I went to the newly renovated American History Museum today, (I took the day off to get in just one more day of New Year's celebration). I'm not sure I'm as impressed with it as I was supposed to be after, ya know, a multi-million dollar multi-year renovation.
But it was still not too bad.
Because, because, because, because, because...
Because of the wonderful Wiz he is...
Perhaps I'm just more of an aficionado of the art at the National Gallery and the Portrait Gallery, rather than our national treasures. Or, should I say, the treasures they have on display at the museum.
I will, though, admit to marveling for a few moments at the Star Spangled Banner, all ensconced in its dimly lit, but shiny new digs. Although, I was a little annoyed to see the first explanation in the exhibit describe what Francis Scott Key wrote described as a "song." It was a poem first, and wasn't a song until later in the week.
The Woolworth's lunch counter from Greensboro also moved me deeply as well. The greatest example of what coalesced at that counter will be on display here in D.C. starting the Tuesday after next. That'd be the inaugural for those who can't read a calendar.
I was inspired by the display of the Axelrod Quartet. All four instruments in the display were crafted by Antonio Stradivarius and are valued together at $50 million. And they're still played. How cool is that?
In an exhibit near the musical instruments were a uniform worn by Roberto Clemente; Kermit the Frog and Oscar the Grouch; Pat Summit's whistle; Fab Five Freddy's boom box and Grandmaster Flash's turntable. And right there out front were Dorothy's ruby slippers.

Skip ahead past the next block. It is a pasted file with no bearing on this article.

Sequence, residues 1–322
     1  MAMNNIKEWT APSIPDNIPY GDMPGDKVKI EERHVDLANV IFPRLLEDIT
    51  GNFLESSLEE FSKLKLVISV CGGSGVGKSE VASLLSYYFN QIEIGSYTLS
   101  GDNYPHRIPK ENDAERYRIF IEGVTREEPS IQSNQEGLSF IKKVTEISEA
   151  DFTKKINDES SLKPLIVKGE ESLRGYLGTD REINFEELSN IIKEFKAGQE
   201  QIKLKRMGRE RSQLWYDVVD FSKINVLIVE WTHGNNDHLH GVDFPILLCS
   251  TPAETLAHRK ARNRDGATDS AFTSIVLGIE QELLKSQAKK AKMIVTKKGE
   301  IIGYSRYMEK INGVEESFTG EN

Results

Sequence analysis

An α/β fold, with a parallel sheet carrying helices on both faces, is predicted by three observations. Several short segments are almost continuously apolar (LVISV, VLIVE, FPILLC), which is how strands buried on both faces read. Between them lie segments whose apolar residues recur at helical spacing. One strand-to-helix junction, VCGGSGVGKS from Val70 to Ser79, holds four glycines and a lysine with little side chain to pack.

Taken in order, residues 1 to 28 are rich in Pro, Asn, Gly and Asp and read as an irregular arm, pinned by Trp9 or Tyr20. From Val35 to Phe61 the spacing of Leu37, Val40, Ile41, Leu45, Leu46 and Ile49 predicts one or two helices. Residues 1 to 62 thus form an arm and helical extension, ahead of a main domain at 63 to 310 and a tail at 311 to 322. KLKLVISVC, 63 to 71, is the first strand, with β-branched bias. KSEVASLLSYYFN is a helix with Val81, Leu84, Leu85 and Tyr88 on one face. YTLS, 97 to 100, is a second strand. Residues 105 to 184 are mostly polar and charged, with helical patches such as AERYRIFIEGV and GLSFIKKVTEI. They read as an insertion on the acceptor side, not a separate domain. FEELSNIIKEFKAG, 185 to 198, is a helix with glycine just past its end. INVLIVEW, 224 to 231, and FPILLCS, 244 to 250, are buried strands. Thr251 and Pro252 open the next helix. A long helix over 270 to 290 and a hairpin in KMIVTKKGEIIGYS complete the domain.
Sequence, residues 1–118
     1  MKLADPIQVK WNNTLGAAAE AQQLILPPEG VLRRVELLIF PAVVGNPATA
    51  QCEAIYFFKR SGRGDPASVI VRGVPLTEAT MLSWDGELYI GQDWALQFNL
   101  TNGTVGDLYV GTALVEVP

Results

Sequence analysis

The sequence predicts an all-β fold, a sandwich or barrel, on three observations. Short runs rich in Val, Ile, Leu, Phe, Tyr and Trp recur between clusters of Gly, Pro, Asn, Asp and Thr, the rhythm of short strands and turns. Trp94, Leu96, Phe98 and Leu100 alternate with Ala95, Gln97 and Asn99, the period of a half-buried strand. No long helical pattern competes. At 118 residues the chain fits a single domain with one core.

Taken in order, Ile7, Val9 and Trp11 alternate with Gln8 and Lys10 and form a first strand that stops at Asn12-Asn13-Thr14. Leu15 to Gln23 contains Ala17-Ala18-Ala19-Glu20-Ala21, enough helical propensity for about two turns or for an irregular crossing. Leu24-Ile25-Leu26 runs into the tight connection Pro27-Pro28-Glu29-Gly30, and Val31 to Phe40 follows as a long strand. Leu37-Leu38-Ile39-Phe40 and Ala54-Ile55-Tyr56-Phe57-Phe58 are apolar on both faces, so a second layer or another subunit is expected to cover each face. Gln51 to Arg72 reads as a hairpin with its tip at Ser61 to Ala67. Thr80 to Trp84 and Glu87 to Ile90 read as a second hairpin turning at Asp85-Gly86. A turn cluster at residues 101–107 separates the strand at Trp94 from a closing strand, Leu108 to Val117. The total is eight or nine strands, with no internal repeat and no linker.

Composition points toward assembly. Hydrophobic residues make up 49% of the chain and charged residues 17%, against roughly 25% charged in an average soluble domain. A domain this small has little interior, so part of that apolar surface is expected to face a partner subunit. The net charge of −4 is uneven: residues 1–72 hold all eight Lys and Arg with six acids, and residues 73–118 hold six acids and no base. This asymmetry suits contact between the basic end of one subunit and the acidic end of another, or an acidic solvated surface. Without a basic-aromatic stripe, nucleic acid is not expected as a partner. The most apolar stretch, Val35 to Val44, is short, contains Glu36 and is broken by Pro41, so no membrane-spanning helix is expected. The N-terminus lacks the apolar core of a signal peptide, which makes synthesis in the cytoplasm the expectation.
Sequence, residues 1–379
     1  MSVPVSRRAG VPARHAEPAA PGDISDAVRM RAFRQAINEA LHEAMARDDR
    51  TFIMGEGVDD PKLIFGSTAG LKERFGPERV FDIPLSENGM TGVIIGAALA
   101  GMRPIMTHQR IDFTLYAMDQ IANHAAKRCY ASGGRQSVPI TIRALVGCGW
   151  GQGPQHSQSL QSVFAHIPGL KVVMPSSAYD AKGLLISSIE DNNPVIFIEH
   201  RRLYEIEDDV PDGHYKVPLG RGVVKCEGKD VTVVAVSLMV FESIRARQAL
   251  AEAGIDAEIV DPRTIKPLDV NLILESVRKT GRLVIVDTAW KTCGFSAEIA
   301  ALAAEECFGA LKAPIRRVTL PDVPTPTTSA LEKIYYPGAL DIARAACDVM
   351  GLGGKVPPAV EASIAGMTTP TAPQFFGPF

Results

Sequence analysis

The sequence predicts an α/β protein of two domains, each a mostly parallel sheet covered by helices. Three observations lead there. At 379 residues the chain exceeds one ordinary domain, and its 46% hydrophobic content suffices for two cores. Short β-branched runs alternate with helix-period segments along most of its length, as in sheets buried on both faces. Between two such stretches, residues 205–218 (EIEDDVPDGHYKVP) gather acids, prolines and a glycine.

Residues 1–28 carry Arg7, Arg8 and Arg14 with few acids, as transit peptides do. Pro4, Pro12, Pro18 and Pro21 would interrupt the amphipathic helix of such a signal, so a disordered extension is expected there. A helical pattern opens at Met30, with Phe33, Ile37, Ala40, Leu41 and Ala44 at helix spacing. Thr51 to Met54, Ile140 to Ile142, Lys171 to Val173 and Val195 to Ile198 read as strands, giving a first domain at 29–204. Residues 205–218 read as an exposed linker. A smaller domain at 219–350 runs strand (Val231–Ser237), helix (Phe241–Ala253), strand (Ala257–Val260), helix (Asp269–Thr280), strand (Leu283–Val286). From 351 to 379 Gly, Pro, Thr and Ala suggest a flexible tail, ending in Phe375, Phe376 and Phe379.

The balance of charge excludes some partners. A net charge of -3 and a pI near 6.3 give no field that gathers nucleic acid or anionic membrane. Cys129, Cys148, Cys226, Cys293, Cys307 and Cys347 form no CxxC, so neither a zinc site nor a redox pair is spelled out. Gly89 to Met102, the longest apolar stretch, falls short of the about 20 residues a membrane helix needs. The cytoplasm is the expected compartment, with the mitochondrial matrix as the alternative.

Comment overheard from one teen girl to another while looking at the slippers:
Girl 1: She had fat feet.
Girl 2: No she didn't.
I read the card, the slippers are size 5s. If that's her opinion of what fat feet are, I weep for the future. What's more likely is someone with feet considerably larger than Judy Garland has, at some point in the past 80 or so years, attempted to jam their giant dogs into two of the icons of Americana. (Yeah, the movie's that old.)
Anyway, you've read this far so I'll get to the point.
One other tidbit on the card explained how in the original book Dorothy Gale's slippers were actually silver but, because the red showed up better against the Yellow Brick Road in Technicolor, the editorial change was made.
Huh, never knew that, obviously I haven't read the book. I guess the museum's not that bad after all.
And here's where the weird coincidence enters stage left: Resting comfortably on my DVR is most of season 2 of Terminator: The Sarah Conner Chronicles. I'm trying to get through them but we all know what it's like trying to watch backlogged episodes of shows. But I knuckled down tonight and watched episode 5 "Goodbye to All That."
In the episode the lovely Lena Headey as Sarah Conner, kidnaps a young boy to protect him from a horrible death sent from the future. While she's protecting him he tells her he has a book report due Monday and it's already Friday and he hasn't even picked out a book yet (you can see where this is going, right?).
So, the super hot Summer Glau hands him, wait for it, yeah, The Wizard of Oz saying "It was one of John's favorites." The kid tells Sarah his teacher doesn't like them doing reports on books that have been turned into movies and she tells him not to worry, the book is much different than the movie.
"Dorothy's much younger, around your age, and her slippers were made of silver."
What are the odds I would have two ruby/silver slipper references in the same day? Wait a minute, on the other hand, don't answer that one.